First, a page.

Hurricane Rita grew into a Category 4 storm Wednesday, as forecasters said its winds have reached 135 mph as its churns toward landfall later this week on the Gulf Coast.
Mandatory evacuations have already been ordered for New Orleans and Galveston, Texas, one day after Rita skirted past the Florida Keys as a Category 2 storm, causing minimal damage.
Homeland Security Secretary Michael Chertoff said the federal government is ready for Rita.
"What we're in the process of doing now is working very closely with the state of Texas and local authorities, pre-positioning assets, food, supplies, helicopters, medical teams, getting them ready to go when the storm hits," he said Wednesday on CBS News' The Early Show. "And I think we're going to be ready when it does make landfall."
Acting FEMA Director R. David Paulison said the agency has aircraft and buses available to evacuate residents of areas the hurricane might hit. Rescue teams and truckloads of ice, water and prepared meals were being sent to Texas and Florida.
"I strongly urge Gulf coast residents to pay attention" to the storm, he said.
"The biggest concern would have to be along coastal sections of Texas and parts of Louisiana, probably the western shoreline of Louisiana," said CBS News Meteorologist George Cullen. "The most vulnerable areas right now would probably be in the Galveston Bay region, because of the low elevation and the big body of water."
"Nobody's going to take a chance. Everybody's a little bit scared right now because of the Katrina thing," said Galveston resident Danny Owens.
Stung by criticism of the government's slow initial response to Hurricane Katrina, President Bush signed an emergency declaration for Florida and spoke with Texas Gov. Rick Perry about planning for the storm's landfall.
Perry said Texans are taking the warnings seriously.
"I have pre-positioned over 5,000 national guard troops, 1,000 Department of Public Safety troopers. We've got aviation assets already in place. The city of Galveston has already started a mandatory evacuation," Perry told Early Show co-anchor René Syler.
"Look, a category 4, category 5 storm is going to be catastrophic. Everyone understands that. But this state is as prepared as humanly possible," Perry said.
Texas has even recalled hundreds of its emergency workers helping other states with Katrina, because they may be needed at home, reports CBS News Correspondent Mark Strassmann.
Electricity, gas and water services were interrupted in neighborhoods around the capital of 2 million and some streets were flooded. Havana's international airport was closed to incoming and outgoing flights.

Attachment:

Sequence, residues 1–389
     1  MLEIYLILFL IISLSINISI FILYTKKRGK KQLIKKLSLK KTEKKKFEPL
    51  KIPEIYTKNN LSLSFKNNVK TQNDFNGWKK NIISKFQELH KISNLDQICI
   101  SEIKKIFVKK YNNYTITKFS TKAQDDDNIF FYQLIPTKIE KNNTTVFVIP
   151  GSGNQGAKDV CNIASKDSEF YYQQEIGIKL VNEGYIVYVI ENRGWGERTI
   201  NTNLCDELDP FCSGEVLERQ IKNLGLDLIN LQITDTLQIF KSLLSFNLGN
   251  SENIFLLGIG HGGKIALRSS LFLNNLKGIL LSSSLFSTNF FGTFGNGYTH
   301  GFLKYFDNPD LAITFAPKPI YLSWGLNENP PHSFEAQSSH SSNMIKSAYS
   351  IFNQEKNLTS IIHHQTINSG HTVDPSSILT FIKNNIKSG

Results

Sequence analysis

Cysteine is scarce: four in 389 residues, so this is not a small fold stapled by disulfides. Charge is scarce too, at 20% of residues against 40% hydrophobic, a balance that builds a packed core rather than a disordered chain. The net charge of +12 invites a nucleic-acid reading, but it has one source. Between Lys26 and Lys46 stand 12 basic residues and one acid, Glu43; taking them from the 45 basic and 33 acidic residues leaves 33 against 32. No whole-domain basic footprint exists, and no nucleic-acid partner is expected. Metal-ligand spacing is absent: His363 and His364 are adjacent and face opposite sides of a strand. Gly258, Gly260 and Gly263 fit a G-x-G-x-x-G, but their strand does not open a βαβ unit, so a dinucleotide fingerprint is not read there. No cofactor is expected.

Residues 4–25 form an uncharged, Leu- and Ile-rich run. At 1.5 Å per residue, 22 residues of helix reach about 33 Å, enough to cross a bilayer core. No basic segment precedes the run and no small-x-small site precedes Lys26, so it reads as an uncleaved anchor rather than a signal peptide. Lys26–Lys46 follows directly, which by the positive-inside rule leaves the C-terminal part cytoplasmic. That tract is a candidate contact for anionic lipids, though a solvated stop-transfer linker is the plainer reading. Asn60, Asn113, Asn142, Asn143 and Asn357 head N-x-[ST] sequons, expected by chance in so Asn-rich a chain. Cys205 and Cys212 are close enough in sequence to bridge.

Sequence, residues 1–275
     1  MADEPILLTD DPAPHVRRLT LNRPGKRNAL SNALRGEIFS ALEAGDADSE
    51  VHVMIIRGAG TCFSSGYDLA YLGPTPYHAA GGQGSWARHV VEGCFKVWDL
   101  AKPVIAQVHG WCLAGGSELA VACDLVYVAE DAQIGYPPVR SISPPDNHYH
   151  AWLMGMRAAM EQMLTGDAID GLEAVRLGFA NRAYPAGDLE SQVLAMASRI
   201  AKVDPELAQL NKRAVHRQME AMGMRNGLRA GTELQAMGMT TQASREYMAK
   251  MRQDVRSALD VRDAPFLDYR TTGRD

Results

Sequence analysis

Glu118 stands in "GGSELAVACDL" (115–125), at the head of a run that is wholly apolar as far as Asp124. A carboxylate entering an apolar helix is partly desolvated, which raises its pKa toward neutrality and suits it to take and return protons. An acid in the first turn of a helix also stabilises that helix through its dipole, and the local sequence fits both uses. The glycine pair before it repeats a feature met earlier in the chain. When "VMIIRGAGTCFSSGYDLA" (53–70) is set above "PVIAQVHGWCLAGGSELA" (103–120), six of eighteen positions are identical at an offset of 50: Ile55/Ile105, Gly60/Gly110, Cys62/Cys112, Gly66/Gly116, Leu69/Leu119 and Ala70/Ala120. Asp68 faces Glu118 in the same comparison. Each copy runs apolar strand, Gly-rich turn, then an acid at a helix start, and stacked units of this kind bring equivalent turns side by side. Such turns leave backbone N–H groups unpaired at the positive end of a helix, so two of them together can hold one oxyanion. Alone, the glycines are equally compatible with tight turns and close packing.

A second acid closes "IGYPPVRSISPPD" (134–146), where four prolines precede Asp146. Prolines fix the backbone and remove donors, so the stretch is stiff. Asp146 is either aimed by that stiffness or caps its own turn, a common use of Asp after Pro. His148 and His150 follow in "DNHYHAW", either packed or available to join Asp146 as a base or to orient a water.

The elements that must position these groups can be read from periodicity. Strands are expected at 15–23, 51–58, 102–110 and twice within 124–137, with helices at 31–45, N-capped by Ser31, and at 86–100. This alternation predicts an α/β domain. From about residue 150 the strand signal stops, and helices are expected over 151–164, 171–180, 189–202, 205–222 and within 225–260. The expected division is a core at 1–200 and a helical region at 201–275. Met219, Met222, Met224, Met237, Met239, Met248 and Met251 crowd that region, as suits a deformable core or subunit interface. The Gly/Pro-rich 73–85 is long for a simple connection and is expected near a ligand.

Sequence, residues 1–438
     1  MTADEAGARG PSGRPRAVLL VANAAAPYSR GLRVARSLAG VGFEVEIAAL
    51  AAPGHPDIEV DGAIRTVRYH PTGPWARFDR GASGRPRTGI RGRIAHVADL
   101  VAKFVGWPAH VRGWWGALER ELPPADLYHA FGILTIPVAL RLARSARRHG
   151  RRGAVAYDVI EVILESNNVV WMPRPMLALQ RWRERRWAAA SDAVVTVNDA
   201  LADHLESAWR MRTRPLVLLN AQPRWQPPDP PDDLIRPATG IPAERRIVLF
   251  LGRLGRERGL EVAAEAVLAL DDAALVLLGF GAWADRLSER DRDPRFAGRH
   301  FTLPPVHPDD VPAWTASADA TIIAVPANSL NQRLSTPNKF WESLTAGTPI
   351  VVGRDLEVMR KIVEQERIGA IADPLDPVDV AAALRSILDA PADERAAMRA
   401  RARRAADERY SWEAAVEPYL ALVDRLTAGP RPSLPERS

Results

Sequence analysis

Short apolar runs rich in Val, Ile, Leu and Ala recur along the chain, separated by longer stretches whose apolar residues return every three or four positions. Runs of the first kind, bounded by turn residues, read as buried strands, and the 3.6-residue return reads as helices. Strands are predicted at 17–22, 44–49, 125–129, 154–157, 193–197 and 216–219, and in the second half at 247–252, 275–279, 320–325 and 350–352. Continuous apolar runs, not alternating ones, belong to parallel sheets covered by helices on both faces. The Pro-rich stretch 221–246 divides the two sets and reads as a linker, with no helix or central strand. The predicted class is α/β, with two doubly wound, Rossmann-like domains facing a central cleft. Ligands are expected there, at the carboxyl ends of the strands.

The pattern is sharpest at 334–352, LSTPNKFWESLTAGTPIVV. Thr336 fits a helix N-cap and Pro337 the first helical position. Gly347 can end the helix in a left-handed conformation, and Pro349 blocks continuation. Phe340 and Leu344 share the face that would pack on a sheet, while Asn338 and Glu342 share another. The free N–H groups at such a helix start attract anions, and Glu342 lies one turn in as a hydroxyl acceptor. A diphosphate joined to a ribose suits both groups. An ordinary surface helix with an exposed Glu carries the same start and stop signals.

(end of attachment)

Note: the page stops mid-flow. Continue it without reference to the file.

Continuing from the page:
Rita created relatively few problems along the Florida Keys, where thousands of relieved residents who evacuated are expected to begin returning in earnest on Wednesday.
During daytime hours, several stretches of the Keys highway, U.S. 1, were barricaded because of water and debris; by nightfall, only one small problem area remained and the entire highway was passable, the Florida Highway Patrol said.
There were reports of localized flooding, and some sections of the Lower Keys were still without power early Wednesday. But the storm's raging eye did not hit land.
"It was fairly nothing," said Gary Wood, who owns a bar in Marathon, about 45 miles northeast of Key West. "It came through and had a good stiff wind, but that was about it."
In Key Colony Beach, an oceanfront island off Marathon, Mayor Clyde Burnett said a restaurant and hotel were damaged by water and wind, but that widespread problems simply didn't arrive as expected.
"It could have been worse. We could have lost our whole house," Keys resident Jackie Hanna told CBS News.
Visitors ordered out of the Keys will be invited back Friday, and virtually all other voluntary evacuation orders in South Florida were lifted after Rita roared past.
Now, all eyes following Rita are turning toward the Gulf — where the hurricane is causing new anxiety among Katrina victims in Mississippi, Louisiana and Alabama.
At 8 a.m. EDT, Rita's eye was about 195 miles west of Key West and about 790 miles east-southeast of Corpus Christi, Texas. The storm was moving west at 14 mph — a track that kept the most destructive winds at sea and away from Key West.
"There's still plenty of warm water that it needs to move over in the next couple days. The forecast is favorable for further intensification," said Michelle Mainelli, a meteorologist at the National Hurricane Center.
Those were words that Gulf coast residents certainly did not want to hear. Even those who had survived major hurricanes were getting ready to leave, not wanting to challenge Rita's potential wrath or cling to hope that they'd be spared in the same manner the Keys were.
"Destination unknown," said Catherine Womack, 71, who was boarding up the windows on her one-story brick house in Galveston. "I've never left before. I think because of Katrina, there is a lot of anxiety and concern. It's better to be safe than sorry."
About 80 buses were set to leave the city Wednesday bound for shelters 100 miles north in Huntsville. The buses were part of a mandatory evacuation ordered by officials in Galveston County, which has a population of nearly 267,000.
"We've always asked people to leave earlier, but because of Katrina, they are now listening to us and they're leaving as we say," said Galveston Mayor Lyda Ann Thomas.
Rita is the 17th named storm of the Atlantic hurricane season, making this the fourth-busiest season since record-keeping started in 1851. The record is 21 tropical storms in 1933. Six hurricanes have hit Florida in the last 13 months.
The hurricane season isn't over until Nov. 30.